Featured, Outdoors, Sports

Alyeska Opens Chair 6

Chair 6. Photo: Alyeska Resort/Ralph Kristopher
Chair 6. Photo: Alyeska Resort/Ralph Kristopher

By Allison Sayer for Seward City News –

Before the lifts opened on Wednesday, December 21, a small crowd of mostly Girdwood locals were waiting on line at the base of Alyeska Resort. The skiers waiting for the lifts to open were chatty and friendly. Many had not seen each other since last season. People exchanged news and hugs while waiting for the chair.

The Alyeska Resort Information Hotline reported on Tuesday that the Glacier Bowl Express would open Wednesday morning for the first time this season. The Glacier Bowl Express is known to most people as Chair 6.

Chair 6 is the only access to the upper bowl at Alyeska Resort. Skiers and riders have looked longingly at the untouched bowl all winter. Up until Wednesday, only groomed trails had been open at Alyeska. The trails were kept in excellent condition for racing, learning to ski, and blazing around at top speed. However, they did not provide the powder skiing experience many skiers and riders seek.

The snow depth at the summit was only 32 inches when the upper bowl was opened. This is the lowest depth at which the upper mountain has opened within recent memory. There were quite a few trees and rocks sticking out of the snow, and some gravel on the cat track between the bowl and the lift.

While Alyeska has not received a great quantity of snow yet this season, the quality of the snow it has received is excellent. Cold storms have produced fine, light, fast powder. This snow is a clear contrast to the wet, heavy “mashed potato” snow common in typical years. The early morning conditions in the upper bowl gave skiers a chance to fly through light, fluffy snow. 

Great skiers were out in force riding smoothly at high speed and getting big air. Positive energy prevailed, with people shouting encouragement from the chair when someone below them charged hard.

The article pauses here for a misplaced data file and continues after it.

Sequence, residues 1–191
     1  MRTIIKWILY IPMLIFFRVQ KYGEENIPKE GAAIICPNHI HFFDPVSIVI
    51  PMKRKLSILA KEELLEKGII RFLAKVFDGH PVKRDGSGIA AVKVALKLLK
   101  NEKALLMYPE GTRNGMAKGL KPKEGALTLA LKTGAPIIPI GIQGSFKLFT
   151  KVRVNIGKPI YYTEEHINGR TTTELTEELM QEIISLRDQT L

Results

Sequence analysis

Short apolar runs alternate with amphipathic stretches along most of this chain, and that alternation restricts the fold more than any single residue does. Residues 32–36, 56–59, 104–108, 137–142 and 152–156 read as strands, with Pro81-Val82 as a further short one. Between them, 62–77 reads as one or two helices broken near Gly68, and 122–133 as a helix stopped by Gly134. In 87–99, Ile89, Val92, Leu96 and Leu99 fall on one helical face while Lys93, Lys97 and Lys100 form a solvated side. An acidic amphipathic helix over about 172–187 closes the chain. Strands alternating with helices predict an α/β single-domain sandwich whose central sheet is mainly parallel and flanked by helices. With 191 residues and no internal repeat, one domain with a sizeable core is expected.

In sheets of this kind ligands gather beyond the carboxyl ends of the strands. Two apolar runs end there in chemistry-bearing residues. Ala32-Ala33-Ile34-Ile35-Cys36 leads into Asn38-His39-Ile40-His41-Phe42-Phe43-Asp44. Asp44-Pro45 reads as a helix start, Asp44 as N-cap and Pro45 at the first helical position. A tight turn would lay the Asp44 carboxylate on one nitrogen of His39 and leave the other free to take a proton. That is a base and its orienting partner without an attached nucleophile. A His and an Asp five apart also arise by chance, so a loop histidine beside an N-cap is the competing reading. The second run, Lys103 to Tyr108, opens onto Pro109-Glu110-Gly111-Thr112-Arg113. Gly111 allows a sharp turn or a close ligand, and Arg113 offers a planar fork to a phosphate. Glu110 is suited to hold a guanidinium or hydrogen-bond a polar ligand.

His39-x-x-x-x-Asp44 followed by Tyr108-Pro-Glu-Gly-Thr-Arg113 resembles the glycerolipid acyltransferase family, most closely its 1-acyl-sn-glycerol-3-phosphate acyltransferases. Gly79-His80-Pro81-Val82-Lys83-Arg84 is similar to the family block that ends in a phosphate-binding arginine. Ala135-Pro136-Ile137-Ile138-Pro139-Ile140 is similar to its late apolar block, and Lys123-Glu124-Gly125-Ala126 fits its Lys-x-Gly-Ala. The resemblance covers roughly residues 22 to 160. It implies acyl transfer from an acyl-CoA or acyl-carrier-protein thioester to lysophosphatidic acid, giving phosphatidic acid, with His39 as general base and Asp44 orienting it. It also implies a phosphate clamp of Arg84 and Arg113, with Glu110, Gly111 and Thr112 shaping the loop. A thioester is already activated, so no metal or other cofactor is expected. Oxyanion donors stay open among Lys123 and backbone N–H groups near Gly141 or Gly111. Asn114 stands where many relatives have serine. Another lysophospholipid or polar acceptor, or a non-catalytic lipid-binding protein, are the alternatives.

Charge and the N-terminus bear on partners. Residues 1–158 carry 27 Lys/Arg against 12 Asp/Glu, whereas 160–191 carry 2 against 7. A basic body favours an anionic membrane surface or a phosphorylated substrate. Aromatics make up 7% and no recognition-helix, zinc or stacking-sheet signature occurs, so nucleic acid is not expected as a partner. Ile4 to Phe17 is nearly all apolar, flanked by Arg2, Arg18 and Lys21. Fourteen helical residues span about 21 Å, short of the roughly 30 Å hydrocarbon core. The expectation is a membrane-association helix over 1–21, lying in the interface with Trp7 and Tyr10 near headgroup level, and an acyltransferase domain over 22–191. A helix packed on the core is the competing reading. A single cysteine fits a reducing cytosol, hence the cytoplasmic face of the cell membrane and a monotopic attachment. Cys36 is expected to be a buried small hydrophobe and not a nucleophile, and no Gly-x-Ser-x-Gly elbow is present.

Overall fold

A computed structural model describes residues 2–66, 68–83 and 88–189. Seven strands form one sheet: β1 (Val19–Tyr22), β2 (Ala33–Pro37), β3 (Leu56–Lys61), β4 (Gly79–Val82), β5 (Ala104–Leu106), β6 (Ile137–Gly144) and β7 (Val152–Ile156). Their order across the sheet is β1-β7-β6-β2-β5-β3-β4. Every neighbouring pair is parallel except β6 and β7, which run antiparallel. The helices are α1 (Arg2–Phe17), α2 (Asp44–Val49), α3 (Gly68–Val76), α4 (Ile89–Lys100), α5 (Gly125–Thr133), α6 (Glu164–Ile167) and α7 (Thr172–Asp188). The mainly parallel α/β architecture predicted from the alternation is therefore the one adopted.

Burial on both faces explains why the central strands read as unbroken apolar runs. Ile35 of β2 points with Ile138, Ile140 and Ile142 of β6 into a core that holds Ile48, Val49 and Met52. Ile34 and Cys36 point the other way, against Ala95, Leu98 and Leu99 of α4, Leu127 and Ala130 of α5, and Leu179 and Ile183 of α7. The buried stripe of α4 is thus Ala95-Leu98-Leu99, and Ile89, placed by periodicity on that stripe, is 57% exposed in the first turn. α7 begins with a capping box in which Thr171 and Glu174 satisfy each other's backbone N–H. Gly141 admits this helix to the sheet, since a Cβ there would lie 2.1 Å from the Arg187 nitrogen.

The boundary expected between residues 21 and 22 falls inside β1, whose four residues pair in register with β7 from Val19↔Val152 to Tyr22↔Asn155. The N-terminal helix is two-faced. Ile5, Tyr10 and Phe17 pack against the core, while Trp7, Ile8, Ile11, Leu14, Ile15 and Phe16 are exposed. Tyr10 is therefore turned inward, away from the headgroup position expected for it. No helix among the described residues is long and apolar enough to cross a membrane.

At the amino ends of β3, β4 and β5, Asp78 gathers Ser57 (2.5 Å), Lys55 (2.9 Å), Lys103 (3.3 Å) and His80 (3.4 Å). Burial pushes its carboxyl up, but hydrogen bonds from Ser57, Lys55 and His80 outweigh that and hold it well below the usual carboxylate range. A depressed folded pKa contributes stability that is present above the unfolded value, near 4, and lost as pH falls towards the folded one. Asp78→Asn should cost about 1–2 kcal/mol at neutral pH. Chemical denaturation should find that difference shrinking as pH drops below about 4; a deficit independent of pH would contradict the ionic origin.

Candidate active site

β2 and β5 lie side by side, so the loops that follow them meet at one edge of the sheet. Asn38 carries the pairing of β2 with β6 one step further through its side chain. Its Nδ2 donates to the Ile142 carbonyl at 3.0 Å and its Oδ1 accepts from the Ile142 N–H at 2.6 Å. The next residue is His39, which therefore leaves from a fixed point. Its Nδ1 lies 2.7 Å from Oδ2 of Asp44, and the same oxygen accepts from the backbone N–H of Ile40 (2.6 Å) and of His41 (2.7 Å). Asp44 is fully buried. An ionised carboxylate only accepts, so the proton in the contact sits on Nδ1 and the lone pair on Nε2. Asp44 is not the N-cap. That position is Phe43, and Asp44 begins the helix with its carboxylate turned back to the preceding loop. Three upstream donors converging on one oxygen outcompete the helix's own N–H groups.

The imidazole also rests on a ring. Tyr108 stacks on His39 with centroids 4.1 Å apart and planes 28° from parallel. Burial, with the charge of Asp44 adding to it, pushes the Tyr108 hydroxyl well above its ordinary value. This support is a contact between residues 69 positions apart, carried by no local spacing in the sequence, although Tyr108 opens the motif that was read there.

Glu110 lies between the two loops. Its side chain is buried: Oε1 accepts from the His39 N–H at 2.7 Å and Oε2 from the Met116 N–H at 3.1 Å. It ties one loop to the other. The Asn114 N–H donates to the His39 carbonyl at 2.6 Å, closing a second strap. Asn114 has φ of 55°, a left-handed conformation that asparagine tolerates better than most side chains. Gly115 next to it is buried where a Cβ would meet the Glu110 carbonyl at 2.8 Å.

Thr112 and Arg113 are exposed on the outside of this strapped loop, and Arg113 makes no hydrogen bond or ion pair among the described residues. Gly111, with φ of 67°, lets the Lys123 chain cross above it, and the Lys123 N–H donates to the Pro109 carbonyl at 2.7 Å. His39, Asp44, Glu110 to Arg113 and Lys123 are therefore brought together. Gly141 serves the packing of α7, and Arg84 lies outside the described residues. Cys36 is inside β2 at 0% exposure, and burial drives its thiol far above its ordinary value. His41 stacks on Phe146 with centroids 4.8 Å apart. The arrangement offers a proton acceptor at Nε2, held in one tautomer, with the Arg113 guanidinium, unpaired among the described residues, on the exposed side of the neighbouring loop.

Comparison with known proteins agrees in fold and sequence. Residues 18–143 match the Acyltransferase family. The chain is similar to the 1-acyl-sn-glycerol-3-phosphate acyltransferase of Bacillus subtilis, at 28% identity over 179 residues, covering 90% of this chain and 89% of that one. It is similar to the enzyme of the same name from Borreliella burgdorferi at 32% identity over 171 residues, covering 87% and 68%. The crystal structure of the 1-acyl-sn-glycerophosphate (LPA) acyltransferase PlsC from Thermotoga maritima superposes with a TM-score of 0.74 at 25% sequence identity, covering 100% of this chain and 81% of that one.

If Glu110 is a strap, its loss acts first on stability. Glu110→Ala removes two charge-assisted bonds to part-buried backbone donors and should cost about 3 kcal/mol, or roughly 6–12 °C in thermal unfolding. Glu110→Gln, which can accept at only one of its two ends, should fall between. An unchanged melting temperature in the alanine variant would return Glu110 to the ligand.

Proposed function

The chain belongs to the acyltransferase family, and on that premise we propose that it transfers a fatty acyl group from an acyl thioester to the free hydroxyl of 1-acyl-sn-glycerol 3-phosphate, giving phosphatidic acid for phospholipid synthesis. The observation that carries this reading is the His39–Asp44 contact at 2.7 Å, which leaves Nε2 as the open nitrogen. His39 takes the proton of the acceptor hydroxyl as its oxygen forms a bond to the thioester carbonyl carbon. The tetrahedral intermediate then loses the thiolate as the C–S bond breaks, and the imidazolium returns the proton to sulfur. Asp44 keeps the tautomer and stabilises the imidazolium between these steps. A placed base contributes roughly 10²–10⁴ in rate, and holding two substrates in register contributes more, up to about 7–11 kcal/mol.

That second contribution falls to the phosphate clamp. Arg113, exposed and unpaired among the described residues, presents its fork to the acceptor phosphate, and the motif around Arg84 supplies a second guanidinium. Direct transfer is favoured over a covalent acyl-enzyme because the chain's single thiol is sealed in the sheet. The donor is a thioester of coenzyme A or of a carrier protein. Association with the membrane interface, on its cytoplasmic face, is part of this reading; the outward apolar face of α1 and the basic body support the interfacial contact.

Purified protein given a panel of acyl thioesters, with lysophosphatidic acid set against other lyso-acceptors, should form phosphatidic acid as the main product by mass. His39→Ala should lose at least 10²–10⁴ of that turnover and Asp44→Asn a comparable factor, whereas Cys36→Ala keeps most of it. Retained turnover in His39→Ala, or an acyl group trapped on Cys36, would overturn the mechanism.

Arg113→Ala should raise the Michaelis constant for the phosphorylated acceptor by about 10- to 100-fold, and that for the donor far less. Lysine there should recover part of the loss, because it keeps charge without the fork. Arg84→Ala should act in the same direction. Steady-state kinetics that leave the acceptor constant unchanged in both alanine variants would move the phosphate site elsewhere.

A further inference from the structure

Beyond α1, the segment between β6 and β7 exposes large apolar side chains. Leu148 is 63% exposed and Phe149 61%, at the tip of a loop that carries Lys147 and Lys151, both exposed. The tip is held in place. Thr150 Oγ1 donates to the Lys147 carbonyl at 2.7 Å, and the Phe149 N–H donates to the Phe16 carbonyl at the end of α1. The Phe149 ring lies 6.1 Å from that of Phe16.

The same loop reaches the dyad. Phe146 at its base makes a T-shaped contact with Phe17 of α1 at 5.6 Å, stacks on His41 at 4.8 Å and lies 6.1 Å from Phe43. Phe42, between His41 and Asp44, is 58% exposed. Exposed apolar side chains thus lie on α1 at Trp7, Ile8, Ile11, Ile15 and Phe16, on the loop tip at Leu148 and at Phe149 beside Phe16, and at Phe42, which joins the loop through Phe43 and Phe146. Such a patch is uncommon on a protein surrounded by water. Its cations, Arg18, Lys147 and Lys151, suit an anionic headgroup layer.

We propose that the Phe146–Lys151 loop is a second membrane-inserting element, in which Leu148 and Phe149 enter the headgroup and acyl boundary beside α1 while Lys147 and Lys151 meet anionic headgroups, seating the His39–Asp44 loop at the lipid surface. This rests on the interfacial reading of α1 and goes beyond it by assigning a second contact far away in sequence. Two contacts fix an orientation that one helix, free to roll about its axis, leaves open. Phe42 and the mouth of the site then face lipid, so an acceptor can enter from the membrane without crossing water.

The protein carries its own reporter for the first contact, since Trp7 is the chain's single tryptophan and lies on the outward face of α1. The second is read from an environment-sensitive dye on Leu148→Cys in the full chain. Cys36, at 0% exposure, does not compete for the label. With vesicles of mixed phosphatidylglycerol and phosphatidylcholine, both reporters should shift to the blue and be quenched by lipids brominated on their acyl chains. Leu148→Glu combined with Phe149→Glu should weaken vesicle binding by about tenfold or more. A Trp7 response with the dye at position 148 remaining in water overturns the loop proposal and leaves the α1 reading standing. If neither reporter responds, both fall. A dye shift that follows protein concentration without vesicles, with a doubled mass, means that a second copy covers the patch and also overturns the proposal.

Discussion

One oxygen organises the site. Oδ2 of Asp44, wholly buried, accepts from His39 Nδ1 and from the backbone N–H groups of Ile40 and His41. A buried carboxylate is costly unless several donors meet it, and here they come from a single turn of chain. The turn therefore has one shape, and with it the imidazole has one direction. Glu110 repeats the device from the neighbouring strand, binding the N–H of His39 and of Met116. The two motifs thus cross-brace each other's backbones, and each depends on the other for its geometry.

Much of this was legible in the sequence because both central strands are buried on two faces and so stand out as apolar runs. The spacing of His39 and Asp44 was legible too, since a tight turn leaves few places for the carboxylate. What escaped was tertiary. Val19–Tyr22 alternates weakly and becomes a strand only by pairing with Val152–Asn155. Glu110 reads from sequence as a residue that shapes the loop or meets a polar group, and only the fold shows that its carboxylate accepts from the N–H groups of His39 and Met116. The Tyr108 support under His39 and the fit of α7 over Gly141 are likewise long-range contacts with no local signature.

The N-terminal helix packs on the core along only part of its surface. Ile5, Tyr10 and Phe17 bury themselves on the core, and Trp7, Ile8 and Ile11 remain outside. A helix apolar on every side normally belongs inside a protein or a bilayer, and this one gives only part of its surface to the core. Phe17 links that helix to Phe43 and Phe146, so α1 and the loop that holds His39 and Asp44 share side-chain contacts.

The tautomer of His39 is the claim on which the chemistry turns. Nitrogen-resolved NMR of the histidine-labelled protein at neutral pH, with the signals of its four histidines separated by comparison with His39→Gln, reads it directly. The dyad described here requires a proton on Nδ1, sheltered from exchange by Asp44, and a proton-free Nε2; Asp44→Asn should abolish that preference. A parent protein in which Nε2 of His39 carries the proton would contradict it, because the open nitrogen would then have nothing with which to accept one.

Of course, not everyone knows how to ski powder. Yard sales of lost skis and poles, turtled snowboarders, and other biffs could be seen all over the bowl.

Wednesday’s weather was relatively mild with highs in the 20’s. There was no wind, and skies were clear. The nice day added to the festive atmosphere. Visibility was great, which was extremely helpful for negotiating the relatively crowded terrain.


Photo: Naomi Sheneman
Photo: Naomi Sheneman

The area that was open at the top of the mountain Wednesday was fairly small. The upper bowl itself was open, and of course the cat track back to the chairlift. Most of the ungroomed terrain below the tram station was closed until Thursday December 22.

The powder feast at the top of the mountain was brief on Wednesday. With powder lovers taking non stop laps, the terrain soon became skied out. Latecomers did not have nearly the same conditions as those who arrived early. By noon, the gullies feeding into the main cat track were chunky from all of the tracks. There were no fresh turns left by 12:30. The crowds dissipated by the early afternoon. Some went for runs on the relatively empty lower mountain before calling it a day.

The entire North Face of the mountain will remain closed until it there is more snow. When the snow does come, stable avalanche conditions must be maintained before it will be open to the pubic.

Ungroomed terrain on the mid and lower mountain have extremely thin cover, and a lot of vegetation showing. These areas need at least one or two storms before they have sufficient coverage to open.

The Alyeska season has been slowly building despite low snowfall. Mountain staff is creating the best possible experience for riders with what they have available. Snow making continues. As long as the temperatures do not become warm enough for rain, the season should keep getting better as it goes on.

Light snow is in the forecast for this week. Several past storms have just barely missed the resort. Hopefully this storm will hit it dead on!


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